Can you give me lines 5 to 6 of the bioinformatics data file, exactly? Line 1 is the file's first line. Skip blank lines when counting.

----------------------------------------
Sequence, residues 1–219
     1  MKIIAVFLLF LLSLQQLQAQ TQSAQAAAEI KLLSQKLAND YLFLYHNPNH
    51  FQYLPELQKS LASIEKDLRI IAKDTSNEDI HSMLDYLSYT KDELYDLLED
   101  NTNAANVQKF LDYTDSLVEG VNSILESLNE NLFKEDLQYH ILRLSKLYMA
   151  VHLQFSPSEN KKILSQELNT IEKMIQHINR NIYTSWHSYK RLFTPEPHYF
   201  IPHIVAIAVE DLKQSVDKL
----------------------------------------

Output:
   151  VHLQFSPSEN KKILSQELNT IEKMIQHINR NIYTSWHSYK RLFTPEPHYF
   201  IPHIVAIAVE DLKQSVDKL